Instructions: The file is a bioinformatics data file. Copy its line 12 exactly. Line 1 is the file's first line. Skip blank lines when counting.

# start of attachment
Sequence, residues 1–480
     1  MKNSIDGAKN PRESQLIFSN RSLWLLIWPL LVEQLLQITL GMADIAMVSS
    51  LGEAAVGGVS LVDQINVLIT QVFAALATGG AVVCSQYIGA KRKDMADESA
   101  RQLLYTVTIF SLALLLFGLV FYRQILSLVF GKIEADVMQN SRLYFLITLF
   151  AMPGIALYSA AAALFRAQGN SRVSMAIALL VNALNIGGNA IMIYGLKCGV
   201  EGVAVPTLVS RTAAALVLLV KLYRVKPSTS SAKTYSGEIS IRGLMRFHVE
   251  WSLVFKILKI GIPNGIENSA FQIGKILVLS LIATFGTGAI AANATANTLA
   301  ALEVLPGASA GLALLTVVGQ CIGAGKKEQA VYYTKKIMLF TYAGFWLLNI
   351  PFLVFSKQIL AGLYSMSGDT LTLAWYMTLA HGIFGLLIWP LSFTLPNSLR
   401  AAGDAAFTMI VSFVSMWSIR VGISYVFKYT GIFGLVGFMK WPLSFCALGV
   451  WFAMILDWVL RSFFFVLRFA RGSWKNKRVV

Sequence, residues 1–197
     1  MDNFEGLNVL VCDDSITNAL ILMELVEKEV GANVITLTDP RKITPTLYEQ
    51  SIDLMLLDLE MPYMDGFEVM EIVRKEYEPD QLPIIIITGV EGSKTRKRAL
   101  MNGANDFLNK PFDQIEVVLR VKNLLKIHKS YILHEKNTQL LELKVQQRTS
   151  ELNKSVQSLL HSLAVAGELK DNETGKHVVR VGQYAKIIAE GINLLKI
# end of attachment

Sequence, residues 1–197